First thing’s first: Happy MLK Jr. Day! Today’s a great day to engage in service for others. If you have kids in the Burgh, it’s a great day to head to the Mattress Factory for free, fun and educational programming!
Winter has been weird here in Pittsburgh. We had one snowfall in November, but it was light and dissipated quickly. Since then, it’s been fairly warm. Over the holiday break, it was so warm we abandoned coats in the Spring-like weather. The air was pregnant with an unseasonably warm humidity. Everyone I ran into simultaneously loved it and was, on a deeper level, disturbed by it.
All illusions of Spring vanished this weekend as we had our first real snow pass through. Things got icy. Things got a little dicey on the roads for a minute. For better or worse, it began to feel like a Pittsburgh winter.
I hate scraping off my car.
I’m not the tallest person. When this season rolls around, I typically bust out the car brush, curse myself for moving into yet another home without a garage (that rent tho!) and curse some more as I try in vain to get every last chunk of snow off of my car.
It’s a miserable process.
A lot of times, I’ll just “leave” half an hour early, sitting in my car with the heat blasting on defrost until things have thawed enough to make the job easier.
Burning fuel like that is not cost-effective and also is a pretty terrible thing to do the environment I claim to be so worried about.
Scrape-A-Round to the rescue!
Earlier this winter, Scrape-A-Round had approached me with a few free snow scrapers for myself and my family. I watched their videos and was intrigued. It looked like it was going to be a ton easier to clean off my car. And that’s something that makes me super happy.
This weekend, I had my first real chance to try it out.
I LOVED IT.
I applied almost no pressure and easily cut through ice within seconds. I was able to reach the same parts of the windshield I am with the scrape-y part of a regular brush tool, so range was not an issue. Because it’s a hollow cone, I figured out a technique to scoop the snow off the car which was just as efficient as brushing it off had been in years past.
Their marketing indicates that they have had problems with knock-offs made in China. These knock-offs might be cheaper, but they also don’t work as well as the original. I’ve noticed this same problem with other products lately, especially when I order off Amazon. You have to be vigilant nowadays!
I have never been much of a fashionista. My style — during those moments when I can claim to have any — is simultaneously classic and offbeat and sometimes the punk rock still peeks out a little bit.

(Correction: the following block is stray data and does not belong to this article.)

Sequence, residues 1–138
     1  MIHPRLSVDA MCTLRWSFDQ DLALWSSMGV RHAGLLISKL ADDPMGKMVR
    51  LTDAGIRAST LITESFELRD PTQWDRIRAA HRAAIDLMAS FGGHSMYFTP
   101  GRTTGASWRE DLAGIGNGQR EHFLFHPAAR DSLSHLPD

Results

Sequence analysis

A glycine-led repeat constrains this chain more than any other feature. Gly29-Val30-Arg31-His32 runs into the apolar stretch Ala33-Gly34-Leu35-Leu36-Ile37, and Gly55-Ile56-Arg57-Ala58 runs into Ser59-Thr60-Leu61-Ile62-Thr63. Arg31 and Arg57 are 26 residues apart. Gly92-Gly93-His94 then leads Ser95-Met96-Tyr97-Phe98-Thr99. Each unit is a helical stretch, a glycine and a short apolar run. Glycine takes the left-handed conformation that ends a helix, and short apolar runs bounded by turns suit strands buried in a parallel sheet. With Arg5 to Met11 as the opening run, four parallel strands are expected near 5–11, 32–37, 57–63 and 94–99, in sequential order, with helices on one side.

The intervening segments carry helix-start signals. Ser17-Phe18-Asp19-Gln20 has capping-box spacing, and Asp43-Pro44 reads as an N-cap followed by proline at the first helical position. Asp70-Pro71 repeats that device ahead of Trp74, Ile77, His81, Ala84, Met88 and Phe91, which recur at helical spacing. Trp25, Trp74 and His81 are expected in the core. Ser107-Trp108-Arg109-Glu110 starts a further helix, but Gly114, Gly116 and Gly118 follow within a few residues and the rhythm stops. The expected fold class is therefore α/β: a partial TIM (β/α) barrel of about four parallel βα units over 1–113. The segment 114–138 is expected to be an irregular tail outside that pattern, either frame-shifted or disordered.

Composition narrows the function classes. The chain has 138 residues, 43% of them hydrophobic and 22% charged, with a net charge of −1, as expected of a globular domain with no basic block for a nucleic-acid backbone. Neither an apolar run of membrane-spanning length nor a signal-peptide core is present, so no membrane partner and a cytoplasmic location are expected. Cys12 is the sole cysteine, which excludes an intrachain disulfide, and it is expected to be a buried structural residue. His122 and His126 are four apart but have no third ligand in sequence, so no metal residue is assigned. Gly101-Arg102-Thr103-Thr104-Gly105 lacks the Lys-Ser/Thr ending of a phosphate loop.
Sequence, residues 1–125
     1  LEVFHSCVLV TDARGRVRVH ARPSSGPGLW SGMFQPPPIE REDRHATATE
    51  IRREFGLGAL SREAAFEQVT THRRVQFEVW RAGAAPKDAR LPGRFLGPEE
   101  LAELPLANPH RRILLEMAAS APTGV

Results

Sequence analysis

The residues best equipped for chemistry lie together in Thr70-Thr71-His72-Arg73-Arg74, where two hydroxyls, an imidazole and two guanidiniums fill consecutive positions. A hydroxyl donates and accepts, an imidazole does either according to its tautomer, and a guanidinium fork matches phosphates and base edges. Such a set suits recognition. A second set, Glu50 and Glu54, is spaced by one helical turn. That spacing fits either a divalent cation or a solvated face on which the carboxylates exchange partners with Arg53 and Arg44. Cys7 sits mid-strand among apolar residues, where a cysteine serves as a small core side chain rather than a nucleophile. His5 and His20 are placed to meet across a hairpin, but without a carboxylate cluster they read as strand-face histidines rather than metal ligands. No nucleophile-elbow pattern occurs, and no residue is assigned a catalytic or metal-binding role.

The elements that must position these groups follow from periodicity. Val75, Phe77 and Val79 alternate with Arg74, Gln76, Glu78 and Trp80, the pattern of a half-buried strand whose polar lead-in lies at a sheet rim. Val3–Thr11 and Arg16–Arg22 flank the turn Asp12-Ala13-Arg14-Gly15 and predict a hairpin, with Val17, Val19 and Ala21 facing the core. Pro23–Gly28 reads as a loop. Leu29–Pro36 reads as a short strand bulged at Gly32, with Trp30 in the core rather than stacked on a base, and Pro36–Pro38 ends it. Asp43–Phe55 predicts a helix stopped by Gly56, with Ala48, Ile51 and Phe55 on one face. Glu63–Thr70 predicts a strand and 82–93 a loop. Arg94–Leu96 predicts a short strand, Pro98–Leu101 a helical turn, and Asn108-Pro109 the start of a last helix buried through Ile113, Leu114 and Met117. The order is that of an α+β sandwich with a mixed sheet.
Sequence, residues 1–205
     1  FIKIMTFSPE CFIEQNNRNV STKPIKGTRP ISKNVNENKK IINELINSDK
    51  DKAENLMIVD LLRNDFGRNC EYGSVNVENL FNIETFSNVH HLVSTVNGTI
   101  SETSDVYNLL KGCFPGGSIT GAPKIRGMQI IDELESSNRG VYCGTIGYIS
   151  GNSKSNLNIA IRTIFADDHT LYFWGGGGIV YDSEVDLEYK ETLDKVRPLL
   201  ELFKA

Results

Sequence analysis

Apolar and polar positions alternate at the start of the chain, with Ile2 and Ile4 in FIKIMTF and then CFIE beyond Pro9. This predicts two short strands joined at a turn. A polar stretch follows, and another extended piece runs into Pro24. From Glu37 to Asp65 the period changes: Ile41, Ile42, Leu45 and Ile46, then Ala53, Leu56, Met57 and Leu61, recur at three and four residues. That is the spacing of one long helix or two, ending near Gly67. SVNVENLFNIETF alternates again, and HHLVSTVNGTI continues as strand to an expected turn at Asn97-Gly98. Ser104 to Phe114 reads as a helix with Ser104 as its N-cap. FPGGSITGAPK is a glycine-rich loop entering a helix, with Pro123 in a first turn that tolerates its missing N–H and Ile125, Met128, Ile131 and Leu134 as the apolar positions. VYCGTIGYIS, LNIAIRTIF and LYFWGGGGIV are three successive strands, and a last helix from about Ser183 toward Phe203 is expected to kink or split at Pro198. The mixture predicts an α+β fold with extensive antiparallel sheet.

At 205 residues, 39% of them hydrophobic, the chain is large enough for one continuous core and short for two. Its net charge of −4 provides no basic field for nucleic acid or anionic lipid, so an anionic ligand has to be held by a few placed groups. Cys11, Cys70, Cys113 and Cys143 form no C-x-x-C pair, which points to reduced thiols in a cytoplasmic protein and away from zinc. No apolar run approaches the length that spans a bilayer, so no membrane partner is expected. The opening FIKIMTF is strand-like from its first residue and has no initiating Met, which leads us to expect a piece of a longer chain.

Other than a stint in late middle school where I attempted to wear the right brands to fit in, clothing has never been a core value of mine. Because it wasn’t a core value, I haven’t ever really allocated a lot of money towards it. I was hitting the thrift shops when we all thought real estate only went up. I would patch my own jeans and upcycle the heck out of what I had.
I also went to a high school that was ridiculously moneyed. My parents made a lot of sacrifices so we could live in the right neighborhood to go to the right schools, and it served us well. Even during the hardest times in my life economically, I’ve been grateful that I grew up in the cultural norms of the upper middle class. If I was a fish, these norms were my water.
I didn’t always like them. And I in no way think they’re superior. But because I was acculturated to them, I’ve been able to use them in situations where I need to earn money, many of which are annoyingly still dominated by the cultural norms of the upper middle class.
That’s how I found myself at Saks Fifth Avenue.
When I was a junior in high school, one of my friends came home to visit from college. I was trying to remember if I skipped school to hang out with him the day this story happened, but I can’t remember. We’re going to go with, “It was a Saturday.”
We went to the mall and grabbed some eats from this amazing Japanese place we always frequented together. He had to run some errands afterwards, including picking something up at Saks Fifth Avenue.
I rolled my eyes, but said I’d come along. He picked up a shirt. He knew right where it was.
Even back then, I was anthropologically interested in everything. I had never seen an old storefront like this in real life. Downtown. Fancy. Built to not only sell ritzy clothes, but make you feel like you yourself were ritzy once you were inside. To make you feel special. Worthy.
At least, I wasn’t falling for it until my friend showed me the clearance rack.
Yeah, he knew me well.
He cheered me on as I found good deal after good deal. That’s something I’ve always been good at. I’ve never been particularly prone to peer pressure, but that day, with him oohing an ahhing over all the steals I was finding, I decided to bring home a trophy.
I brought home a Marc Jacobs sweater and a Juicy Couture miniskirt. There was a tank top to wear under the sweater in there, too, but I don’t remember the brand. It was all under $90.
For those brands, it really was a steal.
I still felt like an idiot when I got home. Mad at my friend for cheering me on. Frustrated with myself for caving to the magic of the store’s presentation and giving in to his encouragement.